She started covering her hair ahead of their trip. While they were there, circling the Kaaba, walking the plains where the Prophet Muhammad, peace be upon him, had walked, Sharmeena wept openly. Her father considered this a most natural reaction. She had recently lost her mother and was on a pilgrimage that deeply stirred almost everyone’s emotions.
Indeed, that was the very purpose of Haj, a spiritual shake-up, a reminder of the temporality of this dunya life, a reminder that growing close to Allah and walking His path would hopefully unite us with our loved ones in the akhirah, or the afterlife, which, unlike this one, would last forever.
Apart from the security services, no one quite knows who in east London noticed Sharmeena adrift and lonely that autumn of 2014. Two women, it is said, began sidling up to her at the mosque and making conversation.
They were solicitous and friendly, eventually interrupting her sad reverie with their sincere, rapt attention. They began texting and calling her regularly, and invited her to women-only discussions, ostensibly about religion, that she soon found to be hot-talking political grievance sessions laced with some Islamic terminology.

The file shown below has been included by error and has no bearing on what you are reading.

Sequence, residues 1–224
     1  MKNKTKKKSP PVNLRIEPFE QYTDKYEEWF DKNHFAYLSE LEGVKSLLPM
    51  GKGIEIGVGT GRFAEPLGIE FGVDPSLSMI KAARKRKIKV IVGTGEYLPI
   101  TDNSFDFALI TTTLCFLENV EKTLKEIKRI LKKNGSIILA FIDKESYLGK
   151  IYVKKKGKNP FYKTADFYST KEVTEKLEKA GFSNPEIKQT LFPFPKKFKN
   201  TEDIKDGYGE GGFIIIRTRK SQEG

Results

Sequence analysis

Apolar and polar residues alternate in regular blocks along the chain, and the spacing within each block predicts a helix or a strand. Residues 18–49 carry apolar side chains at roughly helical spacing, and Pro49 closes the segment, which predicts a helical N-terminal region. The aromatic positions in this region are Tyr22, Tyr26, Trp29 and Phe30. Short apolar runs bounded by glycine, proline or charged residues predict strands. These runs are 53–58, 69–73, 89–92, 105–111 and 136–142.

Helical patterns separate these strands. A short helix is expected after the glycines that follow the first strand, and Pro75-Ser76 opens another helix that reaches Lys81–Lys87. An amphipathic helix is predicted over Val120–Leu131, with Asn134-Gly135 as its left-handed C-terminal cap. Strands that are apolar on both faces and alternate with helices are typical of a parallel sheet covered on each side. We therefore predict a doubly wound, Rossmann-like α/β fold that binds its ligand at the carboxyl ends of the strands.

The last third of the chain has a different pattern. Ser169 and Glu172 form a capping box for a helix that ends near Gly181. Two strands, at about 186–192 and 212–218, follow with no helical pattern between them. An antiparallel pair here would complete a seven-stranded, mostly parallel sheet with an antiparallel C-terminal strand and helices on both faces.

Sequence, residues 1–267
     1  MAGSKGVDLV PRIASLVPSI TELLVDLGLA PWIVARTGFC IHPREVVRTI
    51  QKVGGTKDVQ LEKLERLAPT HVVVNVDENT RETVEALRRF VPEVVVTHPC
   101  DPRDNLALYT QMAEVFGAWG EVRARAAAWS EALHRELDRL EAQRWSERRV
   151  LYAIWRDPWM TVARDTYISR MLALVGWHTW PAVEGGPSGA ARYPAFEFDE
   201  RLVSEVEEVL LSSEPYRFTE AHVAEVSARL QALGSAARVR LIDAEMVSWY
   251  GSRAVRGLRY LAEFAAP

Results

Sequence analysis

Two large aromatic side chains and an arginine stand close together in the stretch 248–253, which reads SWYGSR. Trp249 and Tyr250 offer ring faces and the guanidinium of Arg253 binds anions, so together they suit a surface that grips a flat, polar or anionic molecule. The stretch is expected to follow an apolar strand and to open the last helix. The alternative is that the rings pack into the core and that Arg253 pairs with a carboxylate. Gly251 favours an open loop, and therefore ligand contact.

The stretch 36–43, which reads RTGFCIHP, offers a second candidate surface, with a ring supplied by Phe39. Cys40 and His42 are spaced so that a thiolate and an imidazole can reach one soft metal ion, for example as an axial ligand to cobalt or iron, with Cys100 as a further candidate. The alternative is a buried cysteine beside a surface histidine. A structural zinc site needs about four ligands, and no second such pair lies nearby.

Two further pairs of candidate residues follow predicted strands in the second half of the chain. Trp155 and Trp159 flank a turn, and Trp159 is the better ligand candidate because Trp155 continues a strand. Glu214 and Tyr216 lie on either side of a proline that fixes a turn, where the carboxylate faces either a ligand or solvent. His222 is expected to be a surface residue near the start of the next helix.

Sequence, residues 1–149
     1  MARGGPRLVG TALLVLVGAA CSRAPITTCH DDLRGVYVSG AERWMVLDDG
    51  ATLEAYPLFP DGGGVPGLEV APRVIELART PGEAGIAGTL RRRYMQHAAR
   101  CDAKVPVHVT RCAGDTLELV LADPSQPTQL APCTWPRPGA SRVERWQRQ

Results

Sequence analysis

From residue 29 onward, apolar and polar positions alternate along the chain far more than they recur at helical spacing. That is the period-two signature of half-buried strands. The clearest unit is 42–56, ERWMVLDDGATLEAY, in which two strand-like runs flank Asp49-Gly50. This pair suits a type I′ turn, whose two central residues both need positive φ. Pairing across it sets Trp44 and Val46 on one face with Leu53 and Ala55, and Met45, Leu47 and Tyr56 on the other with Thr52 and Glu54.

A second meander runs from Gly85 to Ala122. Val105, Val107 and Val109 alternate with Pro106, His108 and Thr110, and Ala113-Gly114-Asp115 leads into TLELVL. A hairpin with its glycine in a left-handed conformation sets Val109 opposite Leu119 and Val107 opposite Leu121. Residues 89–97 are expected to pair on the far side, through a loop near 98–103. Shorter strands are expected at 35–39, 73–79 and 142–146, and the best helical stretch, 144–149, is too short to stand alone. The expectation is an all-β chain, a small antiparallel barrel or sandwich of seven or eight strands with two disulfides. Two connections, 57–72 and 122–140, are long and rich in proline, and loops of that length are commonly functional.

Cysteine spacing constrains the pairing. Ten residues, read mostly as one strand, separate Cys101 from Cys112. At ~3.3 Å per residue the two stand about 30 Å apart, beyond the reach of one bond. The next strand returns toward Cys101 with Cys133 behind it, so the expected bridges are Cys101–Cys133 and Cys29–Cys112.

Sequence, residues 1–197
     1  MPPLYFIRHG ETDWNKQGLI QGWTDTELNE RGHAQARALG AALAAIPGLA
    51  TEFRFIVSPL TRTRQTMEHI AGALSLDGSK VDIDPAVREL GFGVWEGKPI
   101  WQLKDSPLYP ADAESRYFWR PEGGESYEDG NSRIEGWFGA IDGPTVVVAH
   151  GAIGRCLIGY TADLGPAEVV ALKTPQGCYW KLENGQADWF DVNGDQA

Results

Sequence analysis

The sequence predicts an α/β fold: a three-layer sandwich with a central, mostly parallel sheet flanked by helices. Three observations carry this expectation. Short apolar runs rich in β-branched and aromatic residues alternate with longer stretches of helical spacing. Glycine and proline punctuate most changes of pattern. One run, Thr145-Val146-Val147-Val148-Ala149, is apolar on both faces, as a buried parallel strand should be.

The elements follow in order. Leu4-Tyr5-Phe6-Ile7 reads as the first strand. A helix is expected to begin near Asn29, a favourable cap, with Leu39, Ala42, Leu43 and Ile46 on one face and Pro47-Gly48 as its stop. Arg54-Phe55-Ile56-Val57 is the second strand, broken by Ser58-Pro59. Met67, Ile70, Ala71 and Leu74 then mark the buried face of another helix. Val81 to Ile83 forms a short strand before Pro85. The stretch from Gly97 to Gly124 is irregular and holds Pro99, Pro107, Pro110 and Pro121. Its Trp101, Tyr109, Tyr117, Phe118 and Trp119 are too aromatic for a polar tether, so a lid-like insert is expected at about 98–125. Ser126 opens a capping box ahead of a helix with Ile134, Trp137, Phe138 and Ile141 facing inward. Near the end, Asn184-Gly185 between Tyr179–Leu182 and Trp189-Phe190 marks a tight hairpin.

Sharmeena liked sitting and listening. Listening to strangers was actually easier than talking to people she knew, who inevitably asked her how she was coping, which forced her to arrange her face into some semblance of okayness she didn’t actually feel. The strangers who had befriended her talked about the world in stark, finite terms: Muslims pitted against the Kuffar, the unbelievers;
an epic global struggle of Muslim suffering in places like Palestine and Syria; the urgency of building a real Islamic state.
They asked Sharmeena if she was sincere in her iman, her faith, and if so, whether she was willing to act upon it. They told her there was an Islamic state emerging in Syria, where she could practice Islam freely without harassment and live a life infused with deep spiritual meaning. They encouraged her to contact other women who had travelled to Syria from the West.
Edited extract from Guest House for Young Widows: Among the Women of ISIS by Azadeh Moaveni
Original Headline: What makes a teenager give up her Western life to join the Islamic State?
Source: The Sydney Mornig Herald